Neurophysiological effects of a special extract of Cyperus esculentus L. (Cyperol)


Neurophysiological effects of a special extract of Cyperus esculentus L. (Cyperol)


Wiebe JC., López-Ríos L., Vega-Morales T., Pérez-Machín R., Mateos CJ., Gericke N.

Nektium Pharma, Agüimes, Spain.


The tuberous rhizomes of Cyperus esculentus L. have been used as a food by hunter-gatherer and agricultural societies for millennia. Varieties and selections of the plant are cultivated in southern Europe, north Africa and west Africa. There is popular food and beverage uses, and traditional medicinal uses suggest that the “tubers” may have functional food potential.

The first standardized extract of Cyperus esculentus, Cyperol, has been developed and commercialized. In order to characterize the central nervous system activity of this extract a series of neurophysiological studies were undertaken in-vitro, in-vivo and in a pilot clinical study.

The results of the studies indicate that Cyperol induces changes in brain electrical activity (EEG), demonstrating that bioactive compounds from the extract are absorbed, are bioavailable, and that these compounds or their metabolites cross the blood brain barrier. Taken overall, the results of the reported studies indicate calming activity without sedation. This extract does indeed have functional food potential and could be used to maintain a calm state of mind while dealing with cognitively demanding work. Preliminary indications suggest that the extract may have anxiolytic potential which should be explored in future clinical studies.


Keywords: Cyperus esculentus, Cyperol, stress, calm, anxiolytic, non-sedating


Free Full-text PDF


How to cite this article:
Wiebe JC., López-Ríos L., Vega-Morales T., Pérez-Machín R., Mateos CJ., Gericke N.. Neurophysiological effects of a special extract of Cyperus esculentus L. (Cyperol). Journal of Herbal Medicine Research, 2019,4:34. DOI:10.28933/jhmr-2019-09-2705


References:

1. Linssen, J. P. H., Cozijnsen, J. L. & Pilnik, W. Chufa (cyperus esculentus): A new source of dietary fibre. J. Sci. Food Agric. 49, 291–296 (1989).
2. Maduka, N. & Ire, F. S. Tigernut Plant and Useful Application of Tigernut Tubers (Cype-rus esculentus) – A Review. Curr. J. Appl. Sci. Technol. 29, 1–23 (2018).
3. Negbi, M. A sweetmeat plant, a perfume plant and their weedy relatives: A chapter in the his-tory ofCyperus esculentus L. andC. rotundus L. Econ. Bot. 46, 64–71 (1992).
4. Moens, M.-F. & Manniche, L. An Ancient Egyptian Herbal. J. Am. Orient. Soc. 112, 541 (2006).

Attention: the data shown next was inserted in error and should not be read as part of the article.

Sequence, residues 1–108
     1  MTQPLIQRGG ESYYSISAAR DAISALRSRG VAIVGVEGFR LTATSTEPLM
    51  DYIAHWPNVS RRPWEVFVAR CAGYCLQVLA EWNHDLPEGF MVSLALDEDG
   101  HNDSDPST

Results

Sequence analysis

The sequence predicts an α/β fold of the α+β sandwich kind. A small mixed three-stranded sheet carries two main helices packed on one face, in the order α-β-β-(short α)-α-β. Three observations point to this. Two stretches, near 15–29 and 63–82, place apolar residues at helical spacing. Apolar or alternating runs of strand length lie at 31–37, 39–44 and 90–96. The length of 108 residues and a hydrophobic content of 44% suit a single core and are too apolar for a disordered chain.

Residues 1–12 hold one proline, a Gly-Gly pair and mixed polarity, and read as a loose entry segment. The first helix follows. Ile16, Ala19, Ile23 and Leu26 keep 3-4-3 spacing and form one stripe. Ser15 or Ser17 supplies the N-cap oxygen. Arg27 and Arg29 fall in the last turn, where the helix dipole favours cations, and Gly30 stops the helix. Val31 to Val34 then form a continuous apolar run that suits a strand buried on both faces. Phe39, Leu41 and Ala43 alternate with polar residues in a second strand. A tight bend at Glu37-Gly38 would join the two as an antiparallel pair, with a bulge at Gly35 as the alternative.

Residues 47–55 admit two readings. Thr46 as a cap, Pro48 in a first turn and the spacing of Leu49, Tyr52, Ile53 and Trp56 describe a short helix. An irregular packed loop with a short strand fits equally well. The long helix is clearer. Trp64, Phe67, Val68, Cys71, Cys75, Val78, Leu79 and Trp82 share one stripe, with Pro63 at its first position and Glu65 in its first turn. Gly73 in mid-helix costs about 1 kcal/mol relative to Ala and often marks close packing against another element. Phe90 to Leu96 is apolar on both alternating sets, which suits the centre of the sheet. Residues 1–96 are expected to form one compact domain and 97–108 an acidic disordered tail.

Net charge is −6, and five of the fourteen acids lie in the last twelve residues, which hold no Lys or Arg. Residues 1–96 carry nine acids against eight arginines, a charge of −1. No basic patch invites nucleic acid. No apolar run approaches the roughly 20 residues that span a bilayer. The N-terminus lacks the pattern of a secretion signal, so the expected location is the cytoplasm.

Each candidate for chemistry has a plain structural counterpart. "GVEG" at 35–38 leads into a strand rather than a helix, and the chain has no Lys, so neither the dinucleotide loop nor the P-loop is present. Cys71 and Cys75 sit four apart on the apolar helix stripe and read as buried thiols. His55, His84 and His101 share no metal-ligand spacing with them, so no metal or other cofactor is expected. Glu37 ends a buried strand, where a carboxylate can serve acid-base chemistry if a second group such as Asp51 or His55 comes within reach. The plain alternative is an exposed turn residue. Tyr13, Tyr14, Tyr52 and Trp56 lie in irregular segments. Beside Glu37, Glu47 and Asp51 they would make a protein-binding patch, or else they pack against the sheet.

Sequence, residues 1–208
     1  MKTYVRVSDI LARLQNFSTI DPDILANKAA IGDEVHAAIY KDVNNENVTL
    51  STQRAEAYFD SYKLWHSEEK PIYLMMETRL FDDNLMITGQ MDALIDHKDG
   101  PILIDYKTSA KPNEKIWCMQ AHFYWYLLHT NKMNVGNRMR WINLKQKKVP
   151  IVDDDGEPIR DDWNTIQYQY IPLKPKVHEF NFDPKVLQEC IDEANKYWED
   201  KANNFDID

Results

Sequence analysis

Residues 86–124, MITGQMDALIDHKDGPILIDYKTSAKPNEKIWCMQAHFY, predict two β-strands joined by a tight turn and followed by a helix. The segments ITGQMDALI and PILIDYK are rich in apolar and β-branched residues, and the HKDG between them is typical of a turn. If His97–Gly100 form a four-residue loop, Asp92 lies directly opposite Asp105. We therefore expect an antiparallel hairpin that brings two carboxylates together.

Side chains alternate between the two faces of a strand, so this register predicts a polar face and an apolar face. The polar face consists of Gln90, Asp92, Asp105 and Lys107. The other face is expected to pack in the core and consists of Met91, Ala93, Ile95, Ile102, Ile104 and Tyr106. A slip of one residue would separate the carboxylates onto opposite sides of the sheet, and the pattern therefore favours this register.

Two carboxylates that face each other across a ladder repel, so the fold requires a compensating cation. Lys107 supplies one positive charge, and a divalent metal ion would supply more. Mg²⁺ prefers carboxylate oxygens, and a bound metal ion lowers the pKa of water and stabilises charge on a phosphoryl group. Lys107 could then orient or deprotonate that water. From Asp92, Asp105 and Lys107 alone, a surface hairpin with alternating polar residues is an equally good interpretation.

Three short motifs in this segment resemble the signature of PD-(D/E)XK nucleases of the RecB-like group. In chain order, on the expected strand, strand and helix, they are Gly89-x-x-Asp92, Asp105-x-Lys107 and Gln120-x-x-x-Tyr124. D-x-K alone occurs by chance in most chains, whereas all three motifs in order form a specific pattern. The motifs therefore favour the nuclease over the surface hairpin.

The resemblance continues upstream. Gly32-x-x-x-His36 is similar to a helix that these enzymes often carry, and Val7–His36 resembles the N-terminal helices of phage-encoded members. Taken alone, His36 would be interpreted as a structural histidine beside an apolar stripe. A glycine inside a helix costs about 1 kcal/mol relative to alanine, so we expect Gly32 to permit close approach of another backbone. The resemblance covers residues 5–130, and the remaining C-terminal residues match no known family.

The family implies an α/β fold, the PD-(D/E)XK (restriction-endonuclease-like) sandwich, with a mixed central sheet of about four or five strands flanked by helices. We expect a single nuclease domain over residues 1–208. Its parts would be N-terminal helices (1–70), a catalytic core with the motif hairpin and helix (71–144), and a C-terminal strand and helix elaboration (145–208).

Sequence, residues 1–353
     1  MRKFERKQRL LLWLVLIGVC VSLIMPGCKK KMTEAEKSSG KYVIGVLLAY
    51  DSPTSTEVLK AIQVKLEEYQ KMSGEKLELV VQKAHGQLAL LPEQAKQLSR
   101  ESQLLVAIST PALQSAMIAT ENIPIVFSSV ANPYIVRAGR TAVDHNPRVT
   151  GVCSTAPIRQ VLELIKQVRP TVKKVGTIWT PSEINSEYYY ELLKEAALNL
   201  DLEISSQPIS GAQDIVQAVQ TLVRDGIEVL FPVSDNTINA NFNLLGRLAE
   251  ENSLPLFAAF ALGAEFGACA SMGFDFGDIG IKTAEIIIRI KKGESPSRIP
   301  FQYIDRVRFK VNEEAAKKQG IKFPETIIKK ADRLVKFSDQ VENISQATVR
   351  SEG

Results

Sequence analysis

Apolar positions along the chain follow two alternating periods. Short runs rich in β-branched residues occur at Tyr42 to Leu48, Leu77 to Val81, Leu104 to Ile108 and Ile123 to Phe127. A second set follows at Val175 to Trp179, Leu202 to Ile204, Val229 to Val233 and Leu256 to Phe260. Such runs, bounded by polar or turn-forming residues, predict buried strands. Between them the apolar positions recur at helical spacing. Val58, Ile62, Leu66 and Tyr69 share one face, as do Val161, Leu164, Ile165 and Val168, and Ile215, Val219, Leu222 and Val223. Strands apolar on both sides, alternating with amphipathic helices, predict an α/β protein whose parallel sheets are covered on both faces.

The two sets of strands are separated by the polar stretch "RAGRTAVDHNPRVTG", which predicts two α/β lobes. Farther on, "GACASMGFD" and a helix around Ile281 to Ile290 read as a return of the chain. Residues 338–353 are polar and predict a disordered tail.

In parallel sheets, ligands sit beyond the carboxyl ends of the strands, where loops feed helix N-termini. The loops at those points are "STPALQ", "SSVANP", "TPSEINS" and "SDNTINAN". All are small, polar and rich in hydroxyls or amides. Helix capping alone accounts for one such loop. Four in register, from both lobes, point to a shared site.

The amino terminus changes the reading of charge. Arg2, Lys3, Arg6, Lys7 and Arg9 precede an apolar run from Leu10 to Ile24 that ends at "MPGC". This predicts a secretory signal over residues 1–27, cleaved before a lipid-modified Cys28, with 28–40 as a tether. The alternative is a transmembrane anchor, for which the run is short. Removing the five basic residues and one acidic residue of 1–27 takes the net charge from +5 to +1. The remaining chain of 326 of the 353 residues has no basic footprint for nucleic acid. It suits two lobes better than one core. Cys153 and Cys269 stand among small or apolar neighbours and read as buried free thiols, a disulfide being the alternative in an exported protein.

5. Watt, J. M. & Breyer-Brandwijk, M. G. The medicinal and poisonous plants of southern and eastern Africa: being an … – John Mitchell Watt, Maria Gerdina Breyer-Brandwijk – Goo-gle Libros. (1962).
6. McClendon, J. F. Some American Plants Con-sidered as Sources of Vitamines, and as Parts of a Diet Favorable to the Preservation of the Teeth’. J. Dent. Res. 3, 279–295 (1921).
7. Morton, J. F. Principal Wild Food Plants of the United States: Excluding Alaska and Hawaii. Economic Botany 17, 319–330 (1963).
8. Defelice, M. S. Yellow Nutsedge Cyperus es-culentus L.—Snack Food of the Gods. Weed Technol. 16, 901–907 (2002).
9. Christian, E. P. et al. EEG-β/γ spectral power elevation in rat: a translatable biomarker elici-ted by GABA(Aα2/3)-positive allosteric modu-lators at nonsedating anxiolytic doses. J. Neu-rophysiol. 113, 116–31 (2015).
10. Alonso, J. F. et al. Evaluation of multiple com-parison correction procedures in drug as-sessment studies using LORETA maps. Med. Biol. Eng. Comput. 53, 1011–1023 (2015).
11. Dimpfel, W. Pharmacological modulation of cholinergic brain activity and its reflection in special EEG frequency ranges from various brain areas in the freely moving rat (Tele-Stereo-EEG). Eur. Neuropsychopharmacol. 15, 673–682 (2005).
12. Dimpfel, W. & Schober, F. Norepinephrine, EEG theta waves and sedation. Brain Phar-macol. 1, 89–87 (2001).
13. Dimpfel, W. Pharmacological Modulation of Dopaminergic Brain Activity and Its Reflection in Spectral Frequencies of the Rat Electrop-harmacogram. Neuropsychobiology 58, 178–186 (2008).
14. Dimpfel, W. Preclinical data base of pharma-co-specific rat EEG fingerprints (tele-stereo-EEG). Eur. J. Med. Res. 8, 199–207 (2003).
15. Dimpfel, W., Dalhoff, A., Hofmann, W. & Schlüter, G. Electrically evoked potentials in the rat hippocampus slice in the presence of aminophylline alone and in combination with quinolones. Eur. Neuropsychopharmacol. 4, 151–6 (1994).
16. Dimpfel, W., Hofmann, H. C., Prohaska, A., Schober, F. & Schellenberg, R. Source densi-ty analysis of functional topographical EEG: monitoring of cognitive drug action. Eur. J. Med. Res. 1, 283–90 (1996).
17. Dimpfel, W., Gericke, N., Suliman, S. & Dipah, C. G. Psychophysiological Effects of Zembrin ® Using Quantitative EEG Source Density in Combination with Eye-Tracking in 60 Healthy Subjects. A Double-Blind, Randomized, Place-bo-Controlled, 3-Armed Study with Parallel Design. Neurosci. Med. 7, 114–132 (2016).
18. Dimpfel, W. Drug Discovery and Translational Medicine Neurophysiological Techniques Pro-vide a Holistic Approach to Saving Animals. (Verlag Books on Demand, 2015).
19. Maroon, J. & Bost, J. Review of the neurologi-cal benefits of phytocannabinoids. Surg. Neu-rol. Int. 9, 91 (2018).
20. Ali, N., Muhammad, A. & Akbar, S. A. Anxioly-tic-like activity of ethanol extract of Ganoder-ma Lucidum (Reishi) in mice. Int. J. Med. Res. Heal. Sci. 5, 57–60 (2016).
21. Matsuzaki, H. et al. Antidepressant-like ef-fects of a water-soluble extract from the cultu-re medium of Ganoderma lucidum mycelia in rats. BMC Complement. Altern. Med. 13, 370 (2013).